I was born and raised in Bulgaria during a particularly tumultuous time in the nation's history. Communism collapsed the very year I entered elementary school, and over the subsequent decade I witnessed much social, economic and political upheaval. It piqued my interest in social sciences and history while opening opportunities that my parent's generation would not have dreamed of - like studying abroad in the US. After high school I was fortunate to be accepted at Duke, where I pursued my passion of interdisciplinary social studies with my dual major in economics and sociology. I also got a taste of research with my honors thesis on the impact of different types of reputation on the academic labor markets.
I was pretty sure early on that I was interested in an academic career, I wanted first some experience outside the ivory tower. The three years I spent at McKinsey were a great experience, exposing me to a large variety of industries, from healthcare to mining to financial services, and a fascinating array of problems. I ended up specializing in financial risk management, helping banks and asset managers from Toronto and Sao Paolo revamp their risk management practices in response to the crisis of 2008. However, I always knew I would like to go back to academia, and I chose organizational behavior, as a truly interdisciplinary subject that would allow me to examine human behavior from a variety of perspectives.
My research interests have been evolving ever since starting the program: something that you should expect too! My early interest was the interaction of interpersonal and interorganizational relationships: for example, how the moves of consultants from one place to another can establish connections between their former organizations and their new workplaces. Seeing that it was already a well-exploited topic, I switched to other ideas, such as the impact of interpersonal relationships between mutual fund managers on their trading behavior; how problems of cooperation and coordination with one’s partners shape strategic alliance trajectories; and how the behavior of venture capitalists within investment partnerships affects their future access to investment opportunities. One of the wonderful aspects of the program is the ability to combine my interests in ways I have not anticipated — for example, apply my interest for interorganizational and interpersonal relationships with my background in finance and investment services. The breadth of mentors I was able to find at HBS — such as Ranjay Gulati (Organizational Behavior) and Paul Gompers (Entrepreneurship and Finance) made it all possible.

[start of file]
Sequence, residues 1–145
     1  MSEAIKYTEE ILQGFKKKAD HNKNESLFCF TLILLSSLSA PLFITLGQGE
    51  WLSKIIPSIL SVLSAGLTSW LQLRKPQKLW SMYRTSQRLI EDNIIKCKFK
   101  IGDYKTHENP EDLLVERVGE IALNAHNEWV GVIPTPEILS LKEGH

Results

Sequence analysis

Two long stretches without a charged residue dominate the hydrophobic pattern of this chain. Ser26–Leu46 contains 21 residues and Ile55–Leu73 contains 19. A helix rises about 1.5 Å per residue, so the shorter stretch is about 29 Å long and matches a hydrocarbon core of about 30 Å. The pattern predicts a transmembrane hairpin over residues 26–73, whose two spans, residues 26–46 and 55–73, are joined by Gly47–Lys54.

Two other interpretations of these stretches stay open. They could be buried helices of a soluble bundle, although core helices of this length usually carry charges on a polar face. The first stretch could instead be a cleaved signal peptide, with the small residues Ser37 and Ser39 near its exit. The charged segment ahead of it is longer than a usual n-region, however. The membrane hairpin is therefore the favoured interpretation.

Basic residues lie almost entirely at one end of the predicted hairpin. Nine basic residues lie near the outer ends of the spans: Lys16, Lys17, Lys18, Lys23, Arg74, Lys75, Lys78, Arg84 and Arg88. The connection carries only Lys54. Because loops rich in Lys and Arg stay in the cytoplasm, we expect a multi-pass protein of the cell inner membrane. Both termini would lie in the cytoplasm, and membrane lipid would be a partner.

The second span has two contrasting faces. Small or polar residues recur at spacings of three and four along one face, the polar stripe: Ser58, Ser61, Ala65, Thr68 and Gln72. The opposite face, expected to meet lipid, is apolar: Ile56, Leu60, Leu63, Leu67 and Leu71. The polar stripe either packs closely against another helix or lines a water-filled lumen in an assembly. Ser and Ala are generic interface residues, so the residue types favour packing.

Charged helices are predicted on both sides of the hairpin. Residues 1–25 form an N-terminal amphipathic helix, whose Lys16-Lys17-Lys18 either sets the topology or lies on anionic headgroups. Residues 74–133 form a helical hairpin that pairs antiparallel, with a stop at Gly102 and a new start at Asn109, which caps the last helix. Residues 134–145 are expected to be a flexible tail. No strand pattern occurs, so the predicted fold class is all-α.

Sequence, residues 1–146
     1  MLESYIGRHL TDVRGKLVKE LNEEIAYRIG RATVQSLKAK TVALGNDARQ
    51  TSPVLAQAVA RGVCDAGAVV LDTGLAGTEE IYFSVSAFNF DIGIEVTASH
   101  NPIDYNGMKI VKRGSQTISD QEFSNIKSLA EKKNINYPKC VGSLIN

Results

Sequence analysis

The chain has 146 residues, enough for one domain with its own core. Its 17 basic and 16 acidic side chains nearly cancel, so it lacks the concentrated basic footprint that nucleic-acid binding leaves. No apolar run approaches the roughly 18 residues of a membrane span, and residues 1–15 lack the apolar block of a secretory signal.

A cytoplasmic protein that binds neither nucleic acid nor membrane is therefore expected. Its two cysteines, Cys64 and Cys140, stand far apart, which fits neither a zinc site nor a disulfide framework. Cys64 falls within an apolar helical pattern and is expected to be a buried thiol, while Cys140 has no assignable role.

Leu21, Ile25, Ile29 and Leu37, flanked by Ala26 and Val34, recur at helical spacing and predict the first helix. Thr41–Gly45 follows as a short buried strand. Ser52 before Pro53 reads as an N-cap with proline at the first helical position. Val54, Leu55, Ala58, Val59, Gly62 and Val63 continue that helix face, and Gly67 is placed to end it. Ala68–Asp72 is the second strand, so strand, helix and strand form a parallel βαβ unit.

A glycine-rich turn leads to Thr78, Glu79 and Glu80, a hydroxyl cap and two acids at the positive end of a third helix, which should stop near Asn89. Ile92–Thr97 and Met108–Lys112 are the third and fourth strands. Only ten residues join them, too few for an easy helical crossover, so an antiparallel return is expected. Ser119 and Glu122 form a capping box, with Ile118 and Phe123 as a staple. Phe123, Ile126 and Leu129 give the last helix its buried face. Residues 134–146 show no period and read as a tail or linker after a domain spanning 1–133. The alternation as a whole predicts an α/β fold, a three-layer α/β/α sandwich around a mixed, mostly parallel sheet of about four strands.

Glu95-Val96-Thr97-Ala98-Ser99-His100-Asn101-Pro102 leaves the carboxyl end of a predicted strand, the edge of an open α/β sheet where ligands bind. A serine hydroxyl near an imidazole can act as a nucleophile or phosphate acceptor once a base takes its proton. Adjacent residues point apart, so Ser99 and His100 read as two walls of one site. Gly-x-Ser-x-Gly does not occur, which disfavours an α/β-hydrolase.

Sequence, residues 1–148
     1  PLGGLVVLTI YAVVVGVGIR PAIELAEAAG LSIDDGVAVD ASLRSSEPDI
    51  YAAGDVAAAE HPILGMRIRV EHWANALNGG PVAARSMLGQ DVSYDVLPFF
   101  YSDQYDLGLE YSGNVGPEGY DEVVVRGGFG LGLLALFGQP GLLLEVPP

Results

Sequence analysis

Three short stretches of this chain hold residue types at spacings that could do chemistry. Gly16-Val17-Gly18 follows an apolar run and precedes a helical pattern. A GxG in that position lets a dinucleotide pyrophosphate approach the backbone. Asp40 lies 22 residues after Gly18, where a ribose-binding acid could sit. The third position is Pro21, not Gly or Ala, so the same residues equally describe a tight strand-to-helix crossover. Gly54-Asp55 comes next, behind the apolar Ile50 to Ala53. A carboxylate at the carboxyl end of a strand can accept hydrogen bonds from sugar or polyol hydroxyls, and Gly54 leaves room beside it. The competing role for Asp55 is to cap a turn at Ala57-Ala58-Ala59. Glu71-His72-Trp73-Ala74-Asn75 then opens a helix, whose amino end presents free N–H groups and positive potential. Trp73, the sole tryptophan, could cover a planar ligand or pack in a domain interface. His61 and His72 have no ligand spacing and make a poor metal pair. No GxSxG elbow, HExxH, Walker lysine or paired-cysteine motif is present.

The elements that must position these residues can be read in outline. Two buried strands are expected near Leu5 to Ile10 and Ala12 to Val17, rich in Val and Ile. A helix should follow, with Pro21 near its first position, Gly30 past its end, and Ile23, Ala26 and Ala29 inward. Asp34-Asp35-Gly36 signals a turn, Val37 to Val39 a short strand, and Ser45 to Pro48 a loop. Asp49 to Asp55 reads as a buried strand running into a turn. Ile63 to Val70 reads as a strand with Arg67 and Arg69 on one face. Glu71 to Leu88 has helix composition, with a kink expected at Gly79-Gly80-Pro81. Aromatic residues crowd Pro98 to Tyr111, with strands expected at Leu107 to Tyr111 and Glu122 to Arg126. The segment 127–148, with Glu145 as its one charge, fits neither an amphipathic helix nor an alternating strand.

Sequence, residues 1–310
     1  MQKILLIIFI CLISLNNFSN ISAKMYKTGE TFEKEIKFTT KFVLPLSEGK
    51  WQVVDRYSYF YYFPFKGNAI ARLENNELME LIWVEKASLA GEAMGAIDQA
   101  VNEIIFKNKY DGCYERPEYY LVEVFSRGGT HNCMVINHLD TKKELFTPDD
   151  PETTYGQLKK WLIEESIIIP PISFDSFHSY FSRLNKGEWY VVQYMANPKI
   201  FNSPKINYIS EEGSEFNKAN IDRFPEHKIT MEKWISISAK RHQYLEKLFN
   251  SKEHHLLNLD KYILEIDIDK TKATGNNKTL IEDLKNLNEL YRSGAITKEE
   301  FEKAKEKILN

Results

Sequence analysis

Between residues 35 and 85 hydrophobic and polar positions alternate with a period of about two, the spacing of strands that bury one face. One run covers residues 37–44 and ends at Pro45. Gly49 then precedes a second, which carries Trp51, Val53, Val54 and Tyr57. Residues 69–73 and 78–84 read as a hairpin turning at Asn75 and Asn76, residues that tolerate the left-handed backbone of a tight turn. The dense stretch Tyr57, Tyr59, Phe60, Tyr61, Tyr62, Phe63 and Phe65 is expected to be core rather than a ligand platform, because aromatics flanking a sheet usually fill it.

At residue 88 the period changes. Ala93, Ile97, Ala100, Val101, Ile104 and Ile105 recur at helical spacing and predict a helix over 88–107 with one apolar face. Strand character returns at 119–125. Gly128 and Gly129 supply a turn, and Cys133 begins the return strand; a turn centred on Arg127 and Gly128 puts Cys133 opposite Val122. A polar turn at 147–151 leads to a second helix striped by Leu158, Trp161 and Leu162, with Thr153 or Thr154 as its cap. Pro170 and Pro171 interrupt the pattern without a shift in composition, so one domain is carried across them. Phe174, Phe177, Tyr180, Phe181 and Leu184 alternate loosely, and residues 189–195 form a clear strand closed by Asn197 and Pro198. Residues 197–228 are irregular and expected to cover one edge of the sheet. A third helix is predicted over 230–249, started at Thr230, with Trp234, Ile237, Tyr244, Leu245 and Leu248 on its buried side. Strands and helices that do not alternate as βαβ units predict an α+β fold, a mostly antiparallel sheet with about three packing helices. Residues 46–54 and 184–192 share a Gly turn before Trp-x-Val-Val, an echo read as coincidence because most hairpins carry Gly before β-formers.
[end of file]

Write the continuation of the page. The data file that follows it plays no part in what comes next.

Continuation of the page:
The Organizational Behavior Program
The OB program stands out among peer business school programs thanks to the deep disciplinary grounding in sociology that it provides. The first year is spent almost exclusively taking core classes with the sociology graduate students, and preparing for the sociology general exam. This gives us a foothold in the two worlds, and membership in a second wonderful cohort in addition to the HBS doctoral one. The access to distinguished faculty in the sociology program, and the vibrant intellectual life of the department — including the Economic Sociology seminar, cosponsored with MIT Sloan — gives much intellectual and career flexibility, especially for those who prefer to stay closer to sociology than to management.
The HBS Experience
One of the biggest differences between my work at McKinsey and my graduate studies is the possibility to sit down and read or think for hours at the time. In the hustle of consulting, much of my day passed in jumping from one meeting, one crisis, one short-term assignment to another. Graduate study is no less busy, but much more long-term in its orientation, and gives much greater flexibility in how you organize your day to reduce distractions.
Advice for prospective doctoral students
Early on it is important to preserve flexibility, for it is far from obvious from which direction the winning idea will come from. The important thing is to pursue topics you enjoy, and fill out enough lottery tickets to get to the winning one.
Do not be afraid to take risks with your research, but also be prepared to cut your losses when an idea is simply not working out. It is too easy to get attached to research ideas that simply refuse to work out, and continue throwing good efforts after bad despite your knowledge of the sunk cost fallacy.